38). DYOR

DYOR stands for ‘Do Your Own Research’. 

This term first became popular between 2016-2018 when a wave of ICO projects crossed cryptocurrencies platforms. Many investors were duped by scams entering the market at that time as get-rich-quick crowdfunding schemes.

DYOR advises investors to investigate a coin or token before committing money to it.

DYOR is also a disclaimer used by crypto enthusiasts when they post about projects or analyses on social media.

39). FOMO

FOMO stands for ‘Fear Of Missing Out’. This is the feeling of anxiety that you are missing out on a potentially profitable investment.

FOMO is prevalent when there is a sudden rise in the price of a cryptocurrency over a short period.

FOMO is also a marketing strategy used by crypto developers to entice investors to buy a coin or token.

To avoid losing money due to FOMO, it is wise to invest only after proper investigation. Create rules for investing/trading and set limits for allowable profit and loss.

40). DCA

DCA means ‘Dollar Cost Averaging’. It means investing a total sum of money in small increments over a short period of time.

For instance, if an investor wants to invest $1,000 in cryptocurrencies, instead of investing all at once, they buy in small installments over a length of time.

When dollar-cost averaging, the investor buys when the crypto asset drops and others are selling off. 

This gives the investor the advantage of buying low and selling high.

41). Airdrop – a way for projects to distribute coins to holders of certain coins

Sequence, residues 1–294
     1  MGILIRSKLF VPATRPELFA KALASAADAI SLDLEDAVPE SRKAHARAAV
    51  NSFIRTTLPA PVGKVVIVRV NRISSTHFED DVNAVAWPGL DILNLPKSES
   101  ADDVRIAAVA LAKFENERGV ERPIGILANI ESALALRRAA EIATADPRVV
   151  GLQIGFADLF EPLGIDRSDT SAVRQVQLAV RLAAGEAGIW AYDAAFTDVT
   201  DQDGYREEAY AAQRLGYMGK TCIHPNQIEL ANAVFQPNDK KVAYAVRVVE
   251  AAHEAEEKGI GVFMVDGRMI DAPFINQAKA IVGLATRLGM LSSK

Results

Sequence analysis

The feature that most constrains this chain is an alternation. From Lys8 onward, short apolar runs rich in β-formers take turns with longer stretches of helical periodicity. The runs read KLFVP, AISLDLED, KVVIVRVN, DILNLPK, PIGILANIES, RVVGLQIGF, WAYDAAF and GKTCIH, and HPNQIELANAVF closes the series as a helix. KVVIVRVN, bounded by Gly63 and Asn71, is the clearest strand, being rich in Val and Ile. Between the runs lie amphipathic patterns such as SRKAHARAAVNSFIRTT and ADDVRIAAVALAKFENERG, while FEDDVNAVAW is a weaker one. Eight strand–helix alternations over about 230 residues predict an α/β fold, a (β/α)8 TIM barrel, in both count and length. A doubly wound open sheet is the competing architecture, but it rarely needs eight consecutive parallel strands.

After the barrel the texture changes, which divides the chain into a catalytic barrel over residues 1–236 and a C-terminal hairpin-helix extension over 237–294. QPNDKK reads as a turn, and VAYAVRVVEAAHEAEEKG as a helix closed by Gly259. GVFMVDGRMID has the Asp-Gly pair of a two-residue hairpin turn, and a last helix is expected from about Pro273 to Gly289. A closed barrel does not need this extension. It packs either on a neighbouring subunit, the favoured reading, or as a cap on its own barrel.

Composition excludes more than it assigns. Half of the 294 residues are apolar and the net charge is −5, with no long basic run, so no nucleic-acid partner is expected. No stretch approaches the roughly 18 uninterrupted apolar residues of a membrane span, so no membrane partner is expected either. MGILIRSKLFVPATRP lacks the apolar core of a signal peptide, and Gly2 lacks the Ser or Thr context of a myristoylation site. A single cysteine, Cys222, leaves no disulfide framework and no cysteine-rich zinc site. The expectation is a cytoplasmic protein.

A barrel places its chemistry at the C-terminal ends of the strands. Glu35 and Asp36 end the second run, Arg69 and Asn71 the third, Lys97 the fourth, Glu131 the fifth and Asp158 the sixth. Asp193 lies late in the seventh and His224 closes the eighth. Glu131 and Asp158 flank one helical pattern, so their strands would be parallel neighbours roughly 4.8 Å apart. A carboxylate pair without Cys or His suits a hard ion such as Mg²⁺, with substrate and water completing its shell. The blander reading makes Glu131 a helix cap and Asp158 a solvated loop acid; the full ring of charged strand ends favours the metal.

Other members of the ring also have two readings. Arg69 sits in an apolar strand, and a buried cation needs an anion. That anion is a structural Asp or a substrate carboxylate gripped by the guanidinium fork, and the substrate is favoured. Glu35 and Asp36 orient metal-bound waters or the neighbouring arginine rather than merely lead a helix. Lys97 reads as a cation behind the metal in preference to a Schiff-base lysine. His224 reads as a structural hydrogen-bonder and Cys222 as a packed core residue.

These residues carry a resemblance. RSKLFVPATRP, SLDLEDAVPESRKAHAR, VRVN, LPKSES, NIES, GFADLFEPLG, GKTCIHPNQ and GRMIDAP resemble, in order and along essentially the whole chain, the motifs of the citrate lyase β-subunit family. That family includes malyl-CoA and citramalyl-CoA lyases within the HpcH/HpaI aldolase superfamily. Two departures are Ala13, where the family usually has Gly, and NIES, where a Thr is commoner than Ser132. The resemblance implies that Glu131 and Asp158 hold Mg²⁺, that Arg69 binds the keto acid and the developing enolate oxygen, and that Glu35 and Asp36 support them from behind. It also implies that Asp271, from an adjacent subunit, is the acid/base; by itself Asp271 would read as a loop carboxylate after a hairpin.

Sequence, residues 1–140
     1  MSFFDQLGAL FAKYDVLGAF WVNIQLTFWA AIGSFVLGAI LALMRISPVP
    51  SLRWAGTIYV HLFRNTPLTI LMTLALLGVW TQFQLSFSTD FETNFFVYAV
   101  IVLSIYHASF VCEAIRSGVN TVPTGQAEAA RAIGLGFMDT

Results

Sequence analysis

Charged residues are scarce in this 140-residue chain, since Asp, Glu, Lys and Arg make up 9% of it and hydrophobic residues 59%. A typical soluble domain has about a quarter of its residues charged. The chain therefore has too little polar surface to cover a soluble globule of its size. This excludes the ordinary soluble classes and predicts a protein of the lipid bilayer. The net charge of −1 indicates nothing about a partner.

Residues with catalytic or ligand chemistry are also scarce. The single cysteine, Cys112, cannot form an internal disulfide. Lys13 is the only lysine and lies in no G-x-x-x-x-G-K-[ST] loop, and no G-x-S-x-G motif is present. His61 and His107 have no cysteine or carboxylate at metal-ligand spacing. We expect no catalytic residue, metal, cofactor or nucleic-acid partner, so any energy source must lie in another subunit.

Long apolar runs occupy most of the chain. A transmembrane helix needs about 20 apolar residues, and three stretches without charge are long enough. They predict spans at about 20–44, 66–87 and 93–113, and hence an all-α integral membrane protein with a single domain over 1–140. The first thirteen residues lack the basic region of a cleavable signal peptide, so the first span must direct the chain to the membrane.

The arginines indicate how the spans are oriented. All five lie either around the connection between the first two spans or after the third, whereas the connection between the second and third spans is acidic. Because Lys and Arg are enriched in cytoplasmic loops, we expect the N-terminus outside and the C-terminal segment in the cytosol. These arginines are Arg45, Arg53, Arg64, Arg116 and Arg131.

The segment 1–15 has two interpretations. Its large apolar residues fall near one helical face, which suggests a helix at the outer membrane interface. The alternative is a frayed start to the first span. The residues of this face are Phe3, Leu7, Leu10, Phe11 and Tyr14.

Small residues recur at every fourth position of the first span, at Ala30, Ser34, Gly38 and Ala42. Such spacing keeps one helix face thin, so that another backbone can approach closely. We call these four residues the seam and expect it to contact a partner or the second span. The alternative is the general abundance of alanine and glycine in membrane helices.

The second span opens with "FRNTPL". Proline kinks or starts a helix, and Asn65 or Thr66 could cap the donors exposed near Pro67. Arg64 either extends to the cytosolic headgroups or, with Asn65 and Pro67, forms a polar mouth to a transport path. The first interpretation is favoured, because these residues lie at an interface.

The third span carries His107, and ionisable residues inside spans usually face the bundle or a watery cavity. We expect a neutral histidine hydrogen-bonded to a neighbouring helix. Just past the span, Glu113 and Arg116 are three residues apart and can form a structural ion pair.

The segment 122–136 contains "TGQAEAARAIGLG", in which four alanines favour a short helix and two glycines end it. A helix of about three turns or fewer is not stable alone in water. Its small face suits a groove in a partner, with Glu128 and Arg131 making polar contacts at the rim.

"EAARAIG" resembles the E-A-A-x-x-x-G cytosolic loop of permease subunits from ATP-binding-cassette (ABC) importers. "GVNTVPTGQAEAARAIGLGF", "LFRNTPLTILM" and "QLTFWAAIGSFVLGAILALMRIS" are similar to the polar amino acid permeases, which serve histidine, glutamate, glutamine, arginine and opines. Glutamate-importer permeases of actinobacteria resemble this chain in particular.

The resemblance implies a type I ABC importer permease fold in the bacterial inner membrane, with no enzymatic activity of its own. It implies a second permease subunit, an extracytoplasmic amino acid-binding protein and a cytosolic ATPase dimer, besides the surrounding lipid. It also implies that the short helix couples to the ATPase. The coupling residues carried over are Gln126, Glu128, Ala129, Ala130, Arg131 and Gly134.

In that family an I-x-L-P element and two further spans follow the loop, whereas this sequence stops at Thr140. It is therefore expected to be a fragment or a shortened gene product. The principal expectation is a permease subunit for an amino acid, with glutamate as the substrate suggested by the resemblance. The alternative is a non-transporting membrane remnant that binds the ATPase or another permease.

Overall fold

42). AML – anti money laundering
43). APE – invest in something without doing you’re own research
44). ATH – all-time high
45). Bags – what you’re holding (your investments)
46). btd/btfd – buy the f***ing dip, buy when the market is red
47). bpd – bitcoin pizza day, big pay day
48). Capitulate – sell your coin holding
49). CBDC – central bank digital currency
50). CEX – centralized exchange (e.g. coinbase)
51). DAO – decentralized autonomous organization
52). Defi – decentralized finance
53) . degen – degenerate as in a degenerate gambler
54). Diamond hands – not going to sell
55). DEX – decentralized exchange (e.g. 1inch)
56). fud – fear, uncertainty, and doubt
57). hodl – a misspelling of “hold” or “hold on for dear life”
58). hold – don’t sell
59). kyc – know your customer
60). lp – liquidity provider
61). moon – when coins drastically rise in price
62). nft – non-fungible token
63). ngmi – not gonna make it. This term is used to stress the point that a crypto investor could miss a huge profit.
64). nyknyc – not your keys, not your coins
65). paper hands – someone who sells easily
66). poh – proof of history, to measure time before consensus used by solana
67). pos – proof of stake, a consensus mechanism used by ethereum 2.0
68). pow – proof of work, a consensus mechanism used by bitcoin
69). pump and dump – artificially inflate the price of an asset and sell high
70). satoshi – the pseudonymous founder of bitcoin and 0.00000001 btc
71). shill – to peddle a coin
72). shitcoin – a useless coin or a coin with poor fundamentals
73). tor – the onion router, a browser used to access the “dark web”
74). tps – transactions per second
75). wagmi – we’re all gonna make it
76). whale – an investor with a large amount of crypto
77). when lambo – when will you have enough money to buy a lambo
78). xbt – an alternative abbreviation for bitcoin (btc)

Conclusion

Knowing these terms will help you through your crypto investment education journey. Good luck.


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  • bitcoinBitcoin (BTC) $ 20,130.00 2.68%
  • ethereumEthereum (ETH) $ 1,351.35 1.73%
  • tetherTether (USDT) $ 1.00 0.01%
  • bnbBNB (BNB) $ 294.63 2.68%
  • usd-coinUSD Coin (USDC) $ 1.00 0.01%
  • xrpXRP (XRP) $ 0.476083 3.97%
  • binance-usdBinance USD (BUSD) $ 1.00 0.04%
  • cardanoCardano (ADA) $ 0.431562 0.77%
  • solanaSolana (SOL) $ 34.00 2.65%
  • dogecoinDogecoin (DOGE) $ 0.064982 7.96%